# Homework 4: Sequences, Mutability, Object-Oriented Programming hw04.zip

Due by 11:59pm on Thursday, July 21

## Instructions

Download hw04.zip. Inside the archive, you will find a file called hw04.py, along with a copy of the `ok` autograder.

Submission: When you are done, submit with ```python3 ok --submit```. You may submit more than once before the deadline; only the final submission will be scored. Check that you have successfully submitted your code on okpy.org. See Lab 0 for more instructions on submitting assignments.

Using Ok: If you have any questions about using Ok, please refer to this guide.

Readings: You might find the following references useful:

Grading: Homework is graded based on correctness. Each incorrect problem will decrease the total score by one point. There is a homework recovery policy as stated in the syllabus. This homework is out of 2 points.

# Required questions

## Getting Started Videos

These videos may provide some helpful direction for tackling the coding problems on this assignment.

To see these videos, you should be logged into your berkeley.edu email.

## Code Writing Questions

### Q1: Merge

Write a function `merge` that takes 2 sorted lists `lst1` and `lst2`, and returns a new list that contains all the elements in the two lists in sorted order.

Note: Try to solve this question using recursion instead of iteration.

``````def merge(lst1, lst2):
"""Merges two sorted lists.

>>> s1 = [1, 3, 5]
>>> s2 = [2, 4, 6]
>>> merge(s1, s2)
[1, 2, 3, 4, 5, 6]
>>> s1
[1, 3, 5]
>>> s2
[2, 4, 6]
>>> merge([], [2, 4, 6])
[2, 4, 6]
>>> merge([1, 2, 3], [])
[1, 2, 3]
>>> merge([5, 7], [2, 4, 6])
[2, 4, 5, 6, 7]
>>> merge([2, 3, 4], [2, 4, 6])
[2, 2, 3, 4, 4, 6]
"""
"*** YOUR CODE HERE ***"
``````

Use Ok to test your code:

``python3 ok -q merge``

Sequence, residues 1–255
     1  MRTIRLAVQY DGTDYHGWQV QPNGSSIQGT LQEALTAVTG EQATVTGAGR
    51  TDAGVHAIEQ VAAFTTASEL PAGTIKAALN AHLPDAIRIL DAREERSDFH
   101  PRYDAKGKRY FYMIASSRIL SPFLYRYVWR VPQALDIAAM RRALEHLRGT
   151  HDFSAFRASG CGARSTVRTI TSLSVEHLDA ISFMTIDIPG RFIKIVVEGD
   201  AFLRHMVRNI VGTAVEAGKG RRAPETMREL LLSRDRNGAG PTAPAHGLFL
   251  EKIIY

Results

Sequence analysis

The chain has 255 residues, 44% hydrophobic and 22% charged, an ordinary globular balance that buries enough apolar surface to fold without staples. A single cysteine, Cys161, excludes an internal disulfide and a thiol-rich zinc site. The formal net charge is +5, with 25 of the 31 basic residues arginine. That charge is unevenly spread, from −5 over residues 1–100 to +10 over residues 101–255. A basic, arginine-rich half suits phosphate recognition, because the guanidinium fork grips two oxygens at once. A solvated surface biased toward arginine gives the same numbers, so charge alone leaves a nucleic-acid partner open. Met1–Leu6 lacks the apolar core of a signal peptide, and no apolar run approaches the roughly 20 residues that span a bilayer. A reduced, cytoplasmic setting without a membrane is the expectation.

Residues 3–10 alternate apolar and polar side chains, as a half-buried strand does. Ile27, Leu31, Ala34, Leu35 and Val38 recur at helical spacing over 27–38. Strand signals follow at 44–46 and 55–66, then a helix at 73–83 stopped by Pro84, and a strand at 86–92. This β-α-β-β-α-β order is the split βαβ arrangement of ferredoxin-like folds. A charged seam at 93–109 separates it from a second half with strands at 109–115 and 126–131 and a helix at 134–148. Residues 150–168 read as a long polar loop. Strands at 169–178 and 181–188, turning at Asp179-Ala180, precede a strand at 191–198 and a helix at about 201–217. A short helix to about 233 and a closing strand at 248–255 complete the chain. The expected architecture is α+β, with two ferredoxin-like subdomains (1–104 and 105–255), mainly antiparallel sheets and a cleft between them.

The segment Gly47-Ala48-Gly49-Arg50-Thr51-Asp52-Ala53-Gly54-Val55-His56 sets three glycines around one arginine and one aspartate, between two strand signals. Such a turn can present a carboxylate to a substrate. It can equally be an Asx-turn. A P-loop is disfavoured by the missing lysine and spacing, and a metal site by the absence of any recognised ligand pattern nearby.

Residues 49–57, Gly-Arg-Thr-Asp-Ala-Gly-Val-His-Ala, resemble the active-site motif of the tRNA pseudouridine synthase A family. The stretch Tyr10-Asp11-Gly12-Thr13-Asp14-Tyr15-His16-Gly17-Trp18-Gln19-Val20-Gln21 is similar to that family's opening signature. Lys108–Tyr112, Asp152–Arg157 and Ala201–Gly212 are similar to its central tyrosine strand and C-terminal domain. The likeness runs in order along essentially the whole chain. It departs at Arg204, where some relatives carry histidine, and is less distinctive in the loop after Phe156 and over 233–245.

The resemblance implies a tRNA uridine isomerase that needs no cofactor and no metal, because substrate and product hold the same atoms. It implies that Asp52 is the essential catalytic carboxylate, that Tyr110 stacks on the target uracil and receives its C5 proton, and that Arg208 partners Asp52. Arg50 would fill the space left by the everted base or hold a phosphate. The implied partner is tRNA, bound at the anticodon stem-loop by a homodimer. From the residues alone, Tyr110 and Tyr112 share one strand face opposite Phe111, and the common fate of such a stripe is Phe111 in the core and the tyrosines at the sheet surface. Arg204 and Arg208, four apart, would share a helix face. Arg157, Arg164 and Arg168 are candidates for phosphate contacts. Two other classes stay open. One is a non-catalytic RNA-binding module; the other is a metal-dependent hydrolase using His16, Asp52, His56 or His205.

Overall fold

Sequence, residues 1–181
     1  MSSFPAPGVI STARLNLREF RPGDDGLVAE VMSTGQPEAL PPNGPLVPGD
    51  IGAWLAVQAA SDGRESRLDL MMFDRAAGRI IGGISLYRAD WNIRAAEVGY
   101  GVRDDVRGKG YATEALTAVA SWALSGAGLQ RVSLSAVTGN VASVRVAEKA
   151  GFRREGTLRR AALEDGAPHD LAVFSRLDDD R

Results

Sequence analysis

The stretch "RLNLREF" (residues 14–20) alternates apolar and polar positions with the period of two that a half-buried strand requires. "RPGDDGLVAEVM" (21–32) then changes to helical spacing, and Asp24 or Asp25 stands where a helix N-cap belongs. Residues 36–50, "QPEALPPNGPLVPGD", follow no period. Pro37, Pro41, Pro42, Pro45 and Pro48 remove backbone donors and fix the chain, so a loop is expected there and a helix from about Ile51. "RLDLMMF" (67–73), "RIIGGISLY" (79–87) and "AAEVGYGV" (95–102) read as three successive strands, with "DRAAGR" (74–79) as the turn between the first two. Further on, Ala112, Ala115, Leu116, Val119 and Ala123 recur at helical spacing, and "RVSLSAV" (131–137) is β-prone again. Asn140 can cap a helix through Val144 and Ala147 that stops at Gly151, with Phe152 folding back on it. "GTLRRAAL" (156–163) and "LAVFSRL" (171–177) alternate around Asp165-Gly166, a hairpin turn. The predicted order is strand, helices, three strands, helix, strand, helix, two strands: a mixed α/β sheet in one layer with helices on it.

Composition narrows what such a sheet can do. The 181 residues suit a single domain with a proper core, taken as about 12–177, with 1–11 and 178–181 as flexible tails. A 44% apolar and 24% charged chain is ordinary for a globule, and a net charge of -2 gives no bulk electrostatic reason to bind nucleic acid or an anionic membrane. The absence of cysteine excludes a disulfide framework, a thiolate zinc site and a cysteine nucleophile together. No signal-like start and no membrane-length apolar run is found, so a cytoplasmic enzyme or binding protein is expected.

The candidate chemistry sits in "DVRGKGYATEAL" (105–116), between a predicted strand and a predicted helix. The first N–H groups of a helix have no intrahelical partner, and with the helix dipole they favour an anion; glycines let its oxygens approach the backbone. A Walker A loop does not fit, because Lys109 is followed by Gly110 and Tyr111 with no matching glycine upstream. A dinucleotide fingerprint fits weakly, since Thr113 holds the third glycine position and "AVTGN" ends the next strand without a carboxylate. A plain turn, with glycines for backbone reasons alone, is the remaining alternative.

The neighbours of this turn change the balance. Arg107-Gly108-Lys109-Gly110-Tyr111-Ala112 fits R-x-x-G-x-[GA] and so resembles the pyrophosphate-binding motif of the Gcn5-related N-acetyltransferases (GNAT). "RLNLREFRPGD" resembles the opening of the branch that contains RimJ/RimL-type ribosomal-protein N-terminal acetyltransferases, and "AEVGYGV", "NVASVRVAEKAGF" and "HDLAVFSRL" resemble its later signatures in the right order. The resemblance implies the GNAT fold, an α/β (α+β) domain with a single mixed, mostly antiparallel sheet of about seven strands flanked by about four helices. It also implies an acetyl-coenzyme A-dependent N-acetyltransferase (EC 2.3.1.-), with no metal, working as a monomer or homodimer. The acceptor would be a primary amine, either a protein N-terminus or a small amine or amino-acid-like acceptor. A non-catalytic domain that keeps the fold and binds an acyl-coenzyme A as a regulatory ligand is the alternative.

### Q2: Remove Odd Indices

Complete the recursive function `remove_odd_indices`, which takes in a list `lst` and a boolean `odd`, and returns a new list with elements removed at certain indices. If `odd` is `True`, then the function should remove elements at odd indices; otherwise if `odd` is False, then the function should remove even indexed items.

Note: Remember that lists are zero-indexed; thus, the first element is at index 0, the second element is at index 1, etc. Also remember that you can put `not` in front of a boolean in order to get its opposite value.

Important: Use recursion; the tests will fail if you use any loops (for, while).

``````def remove_odd_indices(lst, odd):
"""Remove elements of lst that have odd indices. Use recursion!

>>> s = [1, 2, 3, 4]
>>> t = remove_odd_indices(s, True)
>>> s
[1, 2, 3, 4]
>>> t
[1, 3]
>>> l = [5, 6, 7, 8]
>>> m = remove_odd_indices(l, False)
>>> m
[6, 8]
>>> remove_odd_indices([9, 8, 7, 6, 5, 4, 3], False)
[8, 6, 4]
>>> remove_odd_indices([2], False)
[]
>>> # Do not use while/for loops!
>>> from construct_check import check
>>> # ban iteration
>>> check(HW_SOURCE_FILE, 'remove_odd_indices',
...       ['While', 'For'])
True
"""
"*** YOUR CODE HERE ***"
``````

Use Ok to test your code:

``python3 ok -q remove_odd_indices``

### Q3: Smart Fridge

The `SmartFridge` class is used by smart refrigerators to track which items are in the fridge and let owners know when an item has run out.